True Omnichannel Marketing – Part 4 – “Seamless Experience”

In Part 1, I explored how and why to test for the right mix of channels.   In Part 2, I covered channel activity coordination and consistency.   In Part 3, I delved into using technology to achieve effective channel integration for optimal marketing decision making. In this post, I investigate the concept of providing the customer with a seamless omnichannel experience.

crosschannel seamless marketing

What is a seamless omnichannel experience?

When you shop, or do business with any firm, I’m sure you don’t think of them as several companies organized by channel. You probably think of them as one business. Yet so many firms still operate their channels by groups that are motivated to improve your experience in that channel, but not given incentive to guarantee you have an exceptional experience crossing channels.

If you are like me, you take a deep breath and hold in a sigh nearly every time you are passed across channels; whether it’s by a human saying they will transfer you, or whether it’s a system, such as an IVR.   Basically, you have come to expect that more often than not the process will result in aggravation and dissatisfaction because:

  • Very often, the transfer is never accomplished, causing you to begin again
  • The hand-off results in you going to the back of the line in that next channel and/or having to spend a lot of time just pressing buttons to get to the next person
  • The hand over, once it occurs, is unintelligent. None of the information you provided previously is transferred, and you have to start your story and providing information all over again
  • There seems to be no accounting or appreciation for how much cumulative time you have spent across the channels. There is no built-in escalation; invariably you have to reach a boiling point where you demand other action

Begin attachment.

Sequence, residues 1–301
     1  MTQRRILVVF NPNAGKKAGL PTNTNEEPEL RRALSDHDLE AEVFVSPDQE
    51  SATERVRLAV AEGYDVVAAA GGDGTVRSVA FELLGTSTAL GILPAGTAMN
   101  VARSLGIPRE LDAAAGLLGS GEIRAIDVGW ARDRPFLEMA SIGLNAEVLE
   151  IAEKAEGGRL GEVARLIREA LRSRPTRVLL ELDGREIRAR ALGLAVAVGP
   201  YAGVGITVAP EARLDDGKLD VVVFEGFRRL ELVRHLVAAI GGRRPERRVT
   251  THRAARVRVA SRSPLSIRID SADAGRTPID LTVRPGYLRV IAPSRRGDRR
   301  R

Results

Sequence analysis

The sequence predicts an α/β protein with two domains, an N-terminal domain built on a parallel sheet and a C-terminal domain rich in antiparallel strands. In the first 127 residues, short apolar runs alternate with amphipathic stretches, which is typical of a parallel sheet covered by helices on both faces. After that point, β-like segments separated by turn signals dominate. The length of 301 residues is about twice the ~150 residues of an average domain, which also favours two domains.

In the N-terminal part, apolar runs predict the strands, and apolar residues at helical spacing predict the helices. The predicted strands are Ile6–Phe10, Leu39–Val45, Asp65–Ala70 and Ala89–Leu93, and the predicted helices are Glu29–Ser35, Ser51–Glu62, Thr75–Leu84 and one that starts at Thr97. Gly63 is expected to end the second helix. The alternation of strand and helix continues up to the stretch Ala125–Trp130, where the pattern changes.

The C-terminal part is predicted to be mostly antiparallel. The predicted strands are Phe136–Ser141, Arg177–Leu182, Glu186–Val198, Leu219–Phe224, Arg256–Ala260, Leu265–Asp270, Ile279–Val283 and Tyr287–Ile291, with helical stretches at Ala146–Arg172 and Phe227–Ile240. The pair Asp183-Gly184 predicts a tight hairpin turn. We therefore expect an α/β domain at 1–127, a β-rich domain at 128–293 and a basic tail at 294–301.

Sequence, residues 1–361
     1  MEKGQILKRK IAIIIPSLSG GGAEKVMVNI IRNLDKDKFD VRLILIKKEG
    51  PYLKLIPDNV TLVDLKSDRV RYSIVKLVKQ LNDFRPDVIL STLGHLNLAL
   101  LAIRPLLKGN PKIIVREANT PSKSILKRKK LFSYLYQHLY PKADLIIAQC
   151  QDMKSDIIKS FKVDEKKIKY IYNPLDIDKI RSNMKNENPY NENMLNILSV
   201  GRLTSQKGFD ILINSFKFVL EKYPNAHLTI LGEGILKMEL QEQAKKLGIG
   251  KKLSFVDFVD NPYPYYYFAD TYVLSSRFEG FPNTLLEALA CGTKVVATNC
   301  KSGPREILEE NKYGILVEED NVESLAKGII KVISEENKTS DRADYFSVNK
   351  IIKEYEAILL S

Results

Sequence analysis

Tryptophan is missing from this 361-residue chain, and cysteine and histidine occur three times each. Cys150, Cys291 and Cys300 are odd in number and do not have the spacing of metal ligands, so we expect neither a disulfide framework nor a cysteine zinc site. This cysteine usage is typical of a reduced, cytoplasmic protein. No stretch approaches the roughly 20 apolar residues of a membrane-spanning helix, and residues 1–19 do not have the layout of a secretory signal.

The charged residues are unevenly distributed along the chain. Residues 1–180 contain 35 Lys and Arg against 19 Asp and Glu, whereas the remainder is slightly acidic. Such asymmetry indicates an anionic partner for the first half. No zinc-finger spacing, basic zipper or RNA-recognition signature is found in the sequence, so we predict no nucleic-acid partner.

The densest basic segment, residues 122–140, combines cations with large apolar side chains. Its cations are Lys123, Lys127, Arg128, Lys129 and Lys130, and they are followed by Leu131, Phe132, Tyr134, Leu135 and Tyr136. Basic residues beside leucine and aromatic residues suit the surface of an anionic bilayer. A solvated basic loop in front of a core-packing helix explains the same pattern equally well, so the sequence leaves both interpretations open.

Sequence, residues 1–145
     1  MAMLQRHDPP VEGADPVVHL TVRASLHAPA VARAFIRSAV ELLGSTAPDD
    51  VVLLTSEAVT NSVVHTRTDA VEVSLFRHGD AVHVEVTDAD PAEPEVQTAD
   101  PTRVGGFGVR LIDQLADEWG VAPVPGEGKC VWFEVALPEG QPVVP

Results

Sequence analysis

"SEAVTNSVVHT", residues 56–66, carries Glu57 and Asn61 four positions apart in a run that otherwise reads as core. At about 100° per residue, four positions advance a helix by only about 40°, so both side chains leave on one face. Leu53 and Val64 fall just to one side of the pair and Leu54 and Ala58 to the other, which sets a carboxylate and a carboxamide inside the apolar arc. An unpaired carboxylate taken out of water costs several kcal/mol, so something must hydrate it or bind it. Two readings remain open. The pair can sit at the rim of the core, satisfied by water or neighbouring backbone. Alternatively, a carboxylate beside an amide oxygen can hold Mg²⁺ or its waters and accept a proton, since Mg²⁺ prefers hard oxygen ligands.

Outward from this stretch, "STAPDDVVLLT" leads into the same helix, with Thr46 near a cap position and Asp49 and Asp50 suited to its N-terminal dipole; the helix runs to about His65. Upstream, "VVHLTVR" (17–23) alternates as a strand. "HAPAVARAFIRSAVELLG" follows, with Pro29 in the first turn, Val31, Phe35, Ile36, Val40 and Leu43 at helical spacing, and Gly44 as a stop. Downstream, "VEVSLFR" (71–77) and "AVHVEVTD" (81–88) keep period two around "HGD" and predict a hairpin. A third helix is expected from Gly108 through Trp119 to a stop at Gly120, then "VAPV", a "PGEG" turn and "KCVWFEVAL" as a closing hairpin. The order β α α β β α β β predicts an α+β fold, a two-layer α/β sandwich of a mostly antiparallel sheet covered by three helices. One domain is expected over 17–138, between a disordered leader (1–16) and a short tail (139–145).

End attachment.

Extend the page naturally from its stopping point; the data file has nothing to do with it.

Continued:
• The first question you are asked at the start of the process is if you want to take a survey on your satisfaction once you have finished

    customer satisfaction

No doubt, a better omnichannel experience with less friction involves:

  • Marketing, Sales, and Customer Service employees that genuinely care about whether you are successfully moved into the next channel
  • Systems that transmit information already captured, so you don’t have to repeat it
  • Systems to track your total time engaged across channels in your current session, and then have rules that take that into account
  • People and systems that automatically document key events and transactions that transpired, so that there is a comprehensive corporate record
  • A variety of choices when being transferred, all that are relatively seamless
  • Survey & feedback options that reward you for taking your time, and are presented after the process is completed

For example, suppose you first enter a mobile website seeking information, encounter a chat option, then the person you are chatting with provides you with a link, you go to the link and while reading it find a phone number, you call the phone number, and finally the call center person refers you to a Facebook Fan Page. Sound unlikely? Not really.   I actually encountered this case with an airline.

Consider closely this customer journey, which involved 5 channels (mobile web, chat, self service web, call center, and social), and your reaction might be that I’m describing a service case, not marketing.   Actually, I contend that in most cases interactions with customers involve both. Moreover, when the consumer intent starts as a shopping process, consumers predominately use more than 2 channels during their journey.